Teresa Bartlinski, the Catonsville child whose life and courage captivated people worldwide, was borrowed from heaven to teach all a lesson in God's love, the Rev. Christopher J. Whatley said Saturday at her funeral.
The 6-year-old girl, adopted from China by Ed and Ann Bartlinski, would throw her arms around strangers and ask how many flowers she could pick in heaven. On the day she received her first Holy Communion, she told her parents she was marrying Jesus.
Now, Whatley, the parish priest at St. Mark Church, said Teresa can collect her "crown of glory, the crown of triumph." Her life was the miracle, Whatley said.
"This little girl is a saint," Whatley said. "Let us pray to her and let us ask her, 'What more does Christ want me to do for him?' and Teresa will see to it that Christ speaks to us."
She died Monday at the Children's Hospital of Philadelphia, where doctors attempted to give her an artificial heart until a second donor heart became available. Teresa, who was born with a disorder that prevented her heart from fully developing, had received a transplant in June, but her body rejected the organ.
People throughout the United States — and as far away as Hong Kong and Iceland and Australia — followed Teresa's journey on her family's blog, "Our Place Called Home," and Facebook page, "Pray for Teresa B." Some 400 attended the service Saturday.
The Bartlinskis petitioned the faithful to pray with them for God to miraculously heal Teresa's heart and lungs. When they adopted Teresa, the Bartlinskis knew her condition was terminal, but they said they wanted to give her a chance to know a family's love.
The couple adopted Teresa and four other special-needs daughters from China and have four biological children.
Mary Scavilla, a family friend, said in a message from the dais during Teresa's funeral Mass that the congregation at St. Mark yearned for Teresa's healing.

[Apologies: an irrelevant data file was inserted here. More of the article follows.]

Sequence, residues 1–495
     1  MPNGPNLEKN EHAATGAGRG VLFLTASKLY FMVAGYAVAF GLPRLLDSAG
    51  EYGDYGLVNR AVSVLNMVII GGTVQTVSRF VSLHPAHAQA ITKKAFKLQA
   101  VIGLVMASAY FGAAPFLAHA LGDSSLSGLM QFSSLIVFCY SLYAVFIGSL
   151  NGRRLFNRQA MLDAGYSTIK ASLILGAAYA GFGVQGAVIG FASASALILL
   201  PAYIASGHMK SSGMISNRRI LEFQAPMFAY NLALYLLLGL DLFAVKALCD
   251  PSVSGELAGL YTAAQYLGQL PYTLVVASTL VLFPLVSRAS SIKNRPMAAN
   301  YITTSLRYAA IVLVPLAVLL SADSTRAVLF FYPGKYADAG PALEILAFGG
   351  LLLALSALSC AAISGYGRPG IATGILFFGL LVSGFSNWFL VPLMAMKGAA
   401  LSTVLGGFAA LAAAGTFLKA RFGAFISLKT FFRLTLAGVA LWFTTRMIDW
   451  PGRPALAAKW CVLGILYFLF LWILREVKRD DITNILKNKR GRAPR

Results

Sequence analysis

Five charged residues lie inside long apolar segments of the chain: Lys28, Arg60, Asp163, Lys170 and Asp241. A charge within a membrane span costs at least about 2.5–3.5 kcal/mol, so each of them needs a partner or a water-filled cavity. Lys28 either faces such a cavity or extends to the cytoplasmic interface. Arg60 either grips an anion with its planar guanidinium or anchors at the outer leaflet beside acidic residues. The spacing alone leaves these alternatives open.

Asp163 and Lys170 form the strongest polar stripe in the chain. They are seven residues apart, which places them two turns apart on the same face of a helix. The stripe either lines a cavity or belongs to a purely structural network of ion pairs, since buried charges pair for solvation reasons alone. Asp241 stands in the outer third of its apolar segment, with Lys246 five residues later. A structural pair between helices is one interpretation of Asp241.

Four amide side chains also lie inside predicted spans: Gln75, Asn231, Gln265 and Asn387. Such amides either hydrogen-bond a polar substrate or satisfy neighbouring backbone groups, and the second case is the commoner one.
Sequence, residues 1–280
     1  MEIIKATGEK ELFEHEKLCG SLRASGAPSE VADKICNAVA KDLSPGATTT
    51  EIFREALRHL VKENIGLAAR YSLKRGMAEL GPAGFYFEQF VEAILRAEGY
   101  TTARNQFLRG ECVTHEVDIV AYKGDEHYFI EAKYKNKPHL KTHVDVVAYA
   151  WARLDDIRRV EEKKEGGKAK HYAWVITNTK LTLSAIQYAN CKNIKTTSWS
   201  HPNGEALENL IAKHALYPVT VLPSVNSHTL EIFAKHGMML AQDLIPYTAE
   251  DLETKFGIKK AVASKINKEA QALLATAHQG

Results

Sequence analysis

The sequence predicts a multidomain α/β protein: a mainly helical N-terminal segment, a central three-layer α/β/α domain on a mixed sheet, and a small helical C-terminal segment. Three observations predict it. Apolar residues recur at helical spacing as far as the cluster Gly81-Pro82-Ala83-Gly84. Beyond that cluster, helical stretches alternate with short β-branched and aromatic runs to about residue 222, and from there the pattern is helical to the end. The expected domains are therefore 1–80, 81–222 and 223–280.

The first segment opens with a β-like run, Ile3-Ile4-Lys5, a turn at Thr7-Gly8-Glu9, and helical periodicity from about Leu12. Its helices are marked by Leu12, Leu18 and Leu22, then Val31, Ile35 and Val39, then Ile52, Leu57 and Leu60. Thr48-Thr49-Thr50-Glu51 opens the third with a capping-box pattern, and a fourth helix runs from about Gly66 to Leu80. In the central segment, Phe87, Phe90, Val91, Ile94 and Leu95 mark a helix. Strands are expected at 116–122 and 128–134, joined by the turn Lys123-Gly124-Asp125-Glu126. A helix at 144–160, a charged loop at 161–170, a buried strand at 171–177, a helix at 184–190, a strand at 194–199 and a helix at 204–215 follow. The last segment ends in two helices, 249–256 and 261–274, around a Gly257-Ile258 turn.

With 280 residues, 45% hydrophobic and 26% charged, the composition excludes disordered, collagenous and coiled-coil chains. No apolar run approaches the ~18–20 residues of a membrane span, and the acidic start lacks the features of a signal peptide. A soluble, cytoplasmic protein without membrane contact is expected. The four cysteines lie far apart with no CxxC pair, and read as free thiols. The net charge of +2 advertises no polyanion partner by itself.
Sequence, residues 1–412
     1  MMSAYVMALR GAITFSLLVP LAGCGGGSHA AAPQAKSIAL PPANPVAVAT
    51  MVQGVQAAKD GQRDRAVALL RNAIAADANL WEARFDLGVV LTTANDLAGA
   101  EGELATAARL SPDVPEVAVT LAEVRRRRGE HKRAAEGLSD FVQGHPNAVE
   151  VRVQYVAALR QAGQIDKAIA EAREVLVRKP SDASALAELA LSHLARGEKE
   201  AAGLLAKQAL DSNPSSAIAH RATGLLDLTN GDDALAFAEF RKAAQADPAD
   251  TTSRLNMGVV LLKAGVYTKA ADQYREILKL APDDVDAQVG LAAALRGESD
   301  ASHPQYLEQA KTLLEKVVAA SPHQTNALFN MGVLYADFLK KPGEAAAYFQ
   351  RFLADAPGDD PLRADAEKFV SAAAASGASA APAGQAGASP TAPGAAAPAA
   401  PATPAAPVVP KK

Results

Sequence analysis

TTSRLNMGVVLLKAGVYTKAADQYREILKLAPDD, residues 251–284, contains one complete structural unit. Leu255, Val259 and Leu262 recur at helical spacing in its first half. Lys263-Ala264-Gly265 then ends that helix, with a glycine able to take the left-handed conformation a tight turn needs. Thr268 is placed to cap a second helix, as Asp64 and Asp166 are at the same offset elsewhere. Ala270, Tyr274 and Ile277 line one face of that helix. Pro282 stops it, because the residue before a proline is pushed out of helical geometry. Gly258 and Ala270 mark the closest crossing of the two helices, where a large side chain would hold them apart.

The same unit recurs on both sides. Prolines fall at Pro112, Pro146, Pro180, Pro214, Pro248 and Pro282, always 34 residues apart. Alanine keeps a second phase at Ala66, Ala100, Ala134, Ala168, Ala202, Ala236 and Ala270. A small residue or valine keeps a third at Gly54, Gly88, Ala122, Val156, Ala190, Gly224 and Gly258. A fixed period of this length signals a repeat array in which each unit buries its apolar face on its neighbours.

"Over the past few weeks, as we have all been praying for Teresa, our primary prayer was for her to have a transplant and for her health to be restored, that would have convinced all of us of the power of our collective prayers," Scavilla said. "But it turns out that God wanted our eyes to be opened to another miracle."
Teresa's eldest brother, Eddy, told those gathered that Teresa could be stubborn, but that strong will was what allowed her to fight for her life for so long. She was adopted by the Bartlinskis in July 2010 from a U.S.-run orphanage in China called Half the Sky after being abandoned in a village west of Beijing.
"People have said she was so lucky to be adopted by us and be part of a loving home, but she loved us and taught us far more than we could ever love and teach her," Eddy Bartlinski said.
Teresa, although continually attached to her oxygen and feeding tube, saw no limitations, he said. She had a crooked smile, collected tubes of flavored lip glosses and wore princess costumes at every opportunity, Eddy Bartlinski said.
And she saw God in everyone, he said.
"She united the world in prayer and brought many people back to God in her suffering," Eddy Bartlinski said. "In Teresa's memory, we hope more people will open their hearts to adoption and organ donation. Teresa loved to give hugs to everyone. Her favorite saying was, 'I love you more.'
"In her memory, we also ask that everyone spread Teresa's message of love by hugging and loving each other more."
At the end of the two-hour service, Teresa's brothers carried her tiny pink casket to a hearse waiting out front of the church as the parishioners sang, "This Little Light of Mine."
A group, "Believe In Miracles," was established to take donations to help cover the medical expenses incurred by the Bartlinskis for Teresa's care.
To contribute, send donations to Believe In Miracles, P.O. Box 21199, Catonsville 21228.Copyright © 2014, The Baltimore Sun